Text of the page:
Now that the basis of the Many-Worlds Interpretation has been established, a closer look at the theory itself is required.  While this theory is essentially a creation of Hugh Everett’s, the term “Many-Worlds Interpretation” was not coined until years later, during the publication of The Many-Worlds Interpretation of Quantum Mechanics, a book by physicists Bryce Dewitt and Neill Graham.  The Many-Worlds Interpretation of Quantum Mechanics ultimately popularized the theory to the general public around the 1970s, however, many science fiction fanatics had been drawn to it many years earlier. 

              Today, the concept of parallel universes and, subsequently, a multiverse, frequents the minds of many and is apparent in many works of fiction, ultimately becoming a staple in popular culture.  However, as previously mentioned, theories such as the Many-Worlds Interpretation are not necessarily dreamt up; they are genuine scientific concepts.  Generally speaking, there have been few additions to the Many-Worlds Interpretation in recent years, but the theory has still persisted, gaining worldwide recognition and avid believers.  While the idea of a multiverse is a bit radical and has been criticized by actual physicists, its existence is a possibility, and that is enough. 

* Although many of these interactions may be insignificant, and not influence much, I will use an example of a decision that could change someone’s life


Works Cited

Baird, Christopher S. “What Did Schrodinger’s Experiment Prove?” 30 July, 2013, WTAMU,ödingers-cat-experiment-              prove/#:~:text=%22Schrödinger’s%20Cat%22%20was%20not%20a,did%20not%20scient            ifically%20prove%20anything.&text=Schrödinger%20constructed%20his%20imaginary%  20experiment,not%20match%20the%20real%20world.  Accessed: 2 May 2021. 

Kakalios, James.  “The Physics of Superheroes.” New York: Gotham Books, 2006.  Print. 

Kramer, Melody. “The Physics behind Schrödinger’s Cat Paradox”. 10 Feb. 2021, National Geographic, Accessed: 2 May 2021. 

DC Comics Ages and Eras

For many, DC Comics has always just been the comic company that rivals Marvel and that has ownership over Batman, Superman, and Wonder Woman.  Some fans argue that DC is much more than that, due to its plethora of unique characters, but what many don’t know, fans and non-fans alike, is that DC publishes their comics in ages, or eras.  In all, there are five ages:

  • Golden Age
  • Silver Age
  • Bronze Age
  • Dark Age
  • Modern Age

In this post I will be going over each age and a little bit of the characteristics of each one, in chronological order.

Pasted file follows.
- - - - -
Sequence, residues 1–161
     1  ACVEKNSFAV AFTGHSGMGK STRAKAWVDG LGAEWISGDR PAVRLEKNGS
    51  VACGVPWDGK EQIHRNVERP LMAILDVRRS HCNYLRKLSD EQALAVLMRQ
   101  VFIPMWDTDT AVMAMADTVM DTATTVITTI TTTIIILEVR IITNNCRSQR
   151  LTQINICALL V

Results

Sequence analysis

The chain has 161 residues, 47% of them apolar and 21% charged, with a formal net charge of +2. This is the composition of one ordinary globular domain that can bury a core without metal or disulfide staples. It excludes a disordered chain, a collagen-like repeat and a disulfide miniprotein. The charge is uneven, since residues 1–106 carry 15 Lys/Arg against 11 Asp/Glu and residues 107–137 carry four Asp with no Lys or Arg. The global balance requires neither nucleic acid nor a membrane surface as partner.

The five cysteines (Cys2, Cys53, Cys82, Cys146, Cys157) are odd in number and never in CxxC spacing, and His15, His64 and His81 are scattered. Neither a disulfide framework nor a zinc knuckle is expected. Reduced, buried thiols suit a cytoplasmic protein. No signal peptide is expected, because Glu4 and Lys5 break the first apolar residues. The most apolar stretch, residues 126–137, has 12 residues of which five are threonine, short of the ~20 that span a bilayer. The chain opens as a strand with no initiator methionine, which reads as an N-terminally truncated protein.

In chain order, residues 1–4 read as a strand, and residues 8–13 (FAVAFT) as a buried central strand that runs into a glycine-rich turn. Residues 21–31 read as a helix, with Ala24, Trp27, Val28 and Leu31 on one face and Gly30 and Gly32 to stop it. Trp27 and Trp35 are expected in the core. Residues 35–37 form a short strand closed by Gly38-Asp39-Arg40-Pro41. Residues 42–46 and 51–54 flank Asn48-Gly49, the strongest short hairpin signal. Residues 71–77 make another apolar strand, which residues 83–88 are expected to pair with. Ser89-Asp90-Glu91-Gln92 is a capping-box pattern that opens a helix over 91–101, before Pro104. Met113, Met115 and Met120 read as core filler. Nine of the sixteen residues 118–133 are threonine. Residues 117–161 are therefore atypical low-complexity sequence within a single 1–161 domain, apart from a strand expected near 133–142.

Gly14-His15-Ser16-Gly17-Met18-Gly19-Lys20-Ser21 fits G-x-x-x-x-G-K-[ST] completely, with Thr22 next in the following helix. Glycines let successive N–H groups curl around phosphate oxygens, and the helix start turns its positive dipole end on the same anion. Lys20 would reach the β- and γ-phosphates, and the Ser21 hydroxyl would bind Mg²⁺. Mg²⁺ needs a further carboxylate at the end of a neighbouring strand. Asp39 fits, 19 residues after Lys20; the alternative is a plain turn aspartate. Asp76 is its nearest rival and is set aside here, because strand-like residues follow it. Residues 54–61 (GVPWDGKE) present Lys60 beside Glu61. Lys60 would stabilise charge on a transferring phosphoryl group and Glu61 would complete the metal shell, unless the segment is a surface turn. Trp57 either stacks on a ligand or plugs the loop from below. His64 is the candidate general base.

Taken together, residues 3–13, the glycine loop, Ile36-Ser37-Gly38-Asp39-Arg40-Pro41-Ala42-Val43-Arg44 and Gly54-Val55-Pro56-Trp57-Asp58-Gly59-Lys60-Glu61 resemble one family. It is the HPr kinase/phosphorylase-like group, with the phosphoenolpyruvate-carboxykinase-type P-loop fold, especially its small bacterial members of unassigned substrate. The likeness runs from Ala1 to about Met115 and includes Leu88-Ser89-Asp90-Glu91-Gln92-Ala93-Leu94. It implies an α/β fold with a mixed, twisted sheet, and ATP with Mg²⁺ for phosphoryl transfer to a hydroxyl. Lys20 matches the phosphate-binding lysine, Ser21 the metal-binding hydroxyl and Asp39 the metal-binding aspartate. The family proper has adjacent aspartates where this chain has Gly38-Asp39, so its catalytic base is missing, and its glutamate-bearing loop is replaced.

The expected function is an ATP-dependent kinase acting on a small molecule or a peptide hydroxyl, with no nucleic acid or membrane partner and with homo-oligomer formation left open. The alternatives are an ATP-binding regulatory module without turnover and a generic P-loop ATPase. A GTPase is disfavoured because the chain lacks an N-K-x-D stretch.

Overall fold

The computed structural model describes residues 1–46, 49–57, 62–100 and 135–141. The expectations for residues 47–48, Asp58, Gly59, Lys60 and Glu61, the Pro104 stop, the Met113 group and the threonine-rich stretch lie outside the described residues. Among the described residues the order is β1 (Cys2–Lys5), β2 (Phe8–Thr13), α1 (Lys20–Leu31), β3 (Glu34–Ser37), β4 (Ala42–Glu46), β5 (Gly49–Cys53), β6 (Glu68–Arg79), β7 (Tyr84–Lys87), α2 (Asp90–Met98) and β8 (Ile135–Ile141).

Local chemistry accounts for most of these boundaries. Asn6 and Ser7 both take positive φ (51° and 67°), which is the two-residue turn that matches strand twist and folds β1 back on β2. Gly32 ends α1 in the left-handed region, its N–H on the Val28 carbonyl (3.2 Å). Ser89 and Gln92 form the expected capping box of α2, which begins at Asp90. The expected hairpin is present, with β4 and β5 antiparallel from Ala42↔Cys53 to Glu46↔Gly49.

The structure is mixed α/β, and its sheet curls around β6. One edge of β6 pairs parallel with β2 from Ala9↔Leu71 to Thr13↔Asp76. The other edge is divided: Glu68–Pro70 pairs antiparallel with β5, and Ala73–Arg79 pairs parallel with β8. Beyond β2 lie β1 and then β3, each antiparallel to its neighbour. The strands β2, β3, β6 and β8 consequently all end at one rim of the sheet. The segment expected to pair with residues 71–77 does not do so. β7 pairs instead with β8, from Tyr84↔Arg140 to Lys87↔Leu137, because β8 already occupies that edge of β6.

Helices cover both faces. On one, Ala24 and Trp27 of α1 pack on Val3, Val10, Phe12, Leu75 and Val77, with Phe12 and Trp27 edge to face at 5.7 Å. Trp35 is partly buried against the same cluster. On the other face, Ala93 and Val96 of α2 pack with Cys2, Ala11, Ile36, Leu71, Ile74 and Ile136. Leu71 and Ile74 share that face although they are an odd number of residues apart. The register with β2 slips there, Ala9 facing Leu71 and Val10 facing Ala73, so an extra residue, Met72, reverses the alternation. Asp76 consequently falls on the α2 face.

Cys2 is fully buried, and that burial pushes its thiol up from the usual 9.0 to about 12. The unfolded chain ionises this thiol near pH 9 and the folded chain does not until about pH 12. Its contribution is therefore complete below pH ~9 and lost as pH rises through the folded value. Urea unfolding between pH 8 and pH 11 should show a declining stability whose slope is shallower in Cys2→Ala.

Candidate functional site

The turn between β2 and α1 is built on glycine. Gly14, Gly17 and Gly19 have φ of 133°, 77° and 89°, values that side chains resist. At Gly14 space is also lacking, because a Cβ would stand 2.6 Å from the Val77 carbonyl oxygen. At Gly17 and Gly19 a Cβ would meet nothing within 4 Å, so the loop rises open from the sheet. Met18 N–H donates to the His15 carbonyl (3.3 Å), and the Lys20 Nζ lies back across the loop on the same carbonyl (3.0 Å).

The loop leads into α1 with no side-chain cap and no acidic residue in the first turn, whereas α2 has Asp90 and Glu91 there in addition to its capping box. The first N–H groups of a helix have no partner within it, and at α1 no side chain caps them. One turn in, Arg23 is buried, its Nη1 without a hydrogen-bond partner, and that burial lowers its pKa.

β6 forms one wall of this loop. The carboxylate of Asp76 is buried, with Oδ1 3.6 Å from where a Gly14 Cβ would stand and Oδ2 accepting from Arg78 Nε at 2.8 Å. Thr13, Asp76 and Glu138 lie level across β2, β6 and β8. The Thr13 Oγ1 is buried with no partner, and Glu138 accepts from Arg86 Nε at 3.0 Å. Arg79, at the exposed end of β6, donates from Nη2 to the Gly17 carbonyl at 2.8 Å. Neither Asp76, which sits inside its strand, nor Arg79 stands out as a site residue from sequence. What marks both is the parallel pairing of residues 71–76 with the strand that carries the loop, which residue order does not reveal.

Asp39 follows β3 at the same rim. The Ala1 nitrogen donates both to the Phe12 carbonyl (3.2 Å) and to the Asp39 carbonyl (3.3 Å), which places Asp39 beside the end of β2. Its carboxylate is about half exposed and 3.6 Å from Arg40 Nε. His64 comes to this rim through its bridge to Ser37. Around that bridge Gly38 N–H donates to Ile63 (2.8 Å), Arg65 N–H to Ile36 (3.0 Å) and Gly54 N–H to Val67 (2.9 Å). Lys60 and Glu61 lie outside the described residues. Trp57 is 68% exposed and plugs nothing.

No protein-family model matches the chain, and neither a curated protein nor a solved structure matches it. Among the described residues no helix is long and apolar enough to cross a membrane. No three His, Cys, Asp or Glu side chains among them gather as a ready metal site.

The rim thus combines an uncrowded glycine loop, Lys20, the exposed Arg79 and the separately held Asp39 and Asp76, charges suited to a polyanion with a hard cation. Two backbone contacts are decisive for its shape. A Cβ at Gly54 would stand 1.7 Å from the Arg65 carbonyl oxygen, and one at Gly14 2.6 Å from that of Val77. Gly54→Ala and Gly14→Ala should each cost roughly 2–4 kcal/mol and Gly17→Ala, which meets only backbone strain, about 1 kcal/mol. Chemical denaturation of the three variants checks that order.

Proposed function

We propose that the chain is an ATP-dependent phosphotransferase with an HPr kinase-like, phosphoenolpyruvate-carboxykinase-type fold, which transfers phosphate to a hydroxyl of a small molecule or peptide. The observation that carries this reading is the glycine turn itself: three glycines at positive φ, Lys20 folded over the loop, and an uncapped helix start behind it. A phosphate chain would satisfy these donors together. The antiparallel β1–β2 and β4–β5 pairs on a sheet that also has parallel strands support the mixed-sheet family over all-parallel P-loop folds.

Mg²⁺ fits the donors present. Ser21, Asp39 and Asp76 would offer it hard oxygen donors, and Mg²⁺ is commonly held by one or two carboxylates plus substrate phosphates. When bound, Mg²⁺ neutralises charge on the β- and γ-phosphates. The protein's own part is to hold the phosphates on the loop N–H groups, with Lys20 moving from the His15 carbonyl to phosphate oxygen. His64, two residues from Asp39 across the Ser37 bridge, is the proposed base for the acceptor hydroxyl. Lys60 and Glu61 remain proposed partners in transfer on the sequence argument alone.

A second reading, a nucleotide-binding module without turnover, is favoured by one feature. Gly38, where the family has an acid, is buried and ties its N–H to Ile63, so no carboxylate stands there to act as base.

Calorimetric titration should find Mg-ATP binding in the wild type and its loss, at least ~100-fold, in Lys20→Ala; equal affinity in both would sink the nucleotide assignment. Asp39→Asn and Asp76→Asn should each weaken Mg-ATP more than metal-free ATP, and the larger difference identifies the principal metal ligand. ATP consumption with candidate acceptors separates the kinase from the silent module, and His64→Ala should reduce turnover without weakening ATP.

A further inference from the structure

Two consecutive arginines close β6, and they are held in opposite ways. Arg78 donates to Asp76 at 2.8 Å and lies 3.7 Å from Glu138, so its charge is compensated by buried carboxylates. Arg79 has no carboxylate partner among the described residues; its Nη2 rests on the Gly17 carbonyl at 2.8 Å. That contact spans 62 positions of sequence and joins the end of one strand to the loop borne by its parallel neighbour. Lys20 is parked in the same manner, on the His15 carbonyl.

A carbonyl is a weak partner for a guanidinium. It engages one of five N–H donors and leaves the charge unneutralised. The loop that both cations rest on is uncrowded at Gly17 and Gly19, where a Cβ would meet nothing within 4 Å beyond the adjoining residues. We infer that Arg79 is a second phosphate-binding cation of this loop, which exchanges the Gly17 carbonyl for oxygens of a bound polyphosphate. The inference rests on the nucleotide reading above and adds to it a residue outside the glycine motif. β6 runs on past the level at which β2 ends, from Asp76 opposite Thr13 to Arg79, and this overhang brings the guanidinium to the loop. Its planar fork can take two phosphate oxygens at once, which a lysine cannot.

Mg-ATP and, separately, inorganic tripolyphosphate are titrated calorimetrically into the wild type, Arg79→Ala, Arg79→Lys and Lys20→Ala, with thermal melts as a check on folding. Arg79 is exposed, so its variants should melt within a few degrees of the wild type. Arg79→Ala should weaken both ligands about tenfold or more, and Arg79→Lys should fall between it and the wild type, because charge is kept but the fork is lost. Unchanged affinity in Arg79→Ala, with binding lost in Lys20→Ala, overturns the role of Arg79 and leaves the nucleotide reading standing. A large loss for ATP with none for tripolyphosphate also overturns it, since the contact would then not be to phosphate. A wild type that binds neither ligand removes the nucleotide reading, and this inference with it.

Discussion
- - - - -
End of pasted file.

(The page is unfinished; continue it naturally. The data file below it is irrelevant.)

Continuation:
Golden Age 1938-1955: 

The Golden Age, 1938-1955, was known for it being the start of Action Comics (1938), the first issue that contained everyone’s favorite Kryptonian, Superman.  The following year, the first issue of Detective Comics debuted, integrating in the caped crusader, Batman.  During theses early two years, villains of Batman and Superman developed, but it wasn’t until the 1940’s when the series All-Star Comics arrived, that new heroes were introduced.  In All-Star Comics #3, the Justice League of America (JLA) was introduced, creating soft spots in fans’ hearts for new characters like Flash, Green Lantern, and Hawkman.  In #8 of this series, the first female superhero, and one of the most iconic female superheroes today, was introduced.  We know her as Wonder Woman.

Image result for dc golden age


Silver Age (1956-1969):

The Silver age lasted from 1956 to 1969  and is iconic for showing the JLA’s characters’ backstories.  For example, in Showcase #4 (1956) the Flash’s alternate identity, Barry Allen, was introduced.  This is historic because most comics just featured adventures of superheroes, not their everyday lives, but DC found a way to show both.  Another monumental thing about the Silver Age is that it developed DC’s multiverse.  This was accomplished by having a crossover issue where Silver Age Flash traveled to an alternate universe and accidentally met his Golden Age counterpart.  Today, DC’s multiverse is one of the most interesting factors about the company, due to it being the first of its kind.  Even rivaling comic companies, such as Marvel Comics, haven’t capitalized on its multiverse as much as DC Comics has.  Another early comic in which the multiverse came into play was Justice League of America #21 (1961), when The JLA meets the Justice Society of America (JSA), later becoming a traditional yearly crossover.  The Silver Age also gave us Batgirl (A.K.A Barbara Gordon), who originally starred as an independent hero, but later joined forces with Batman.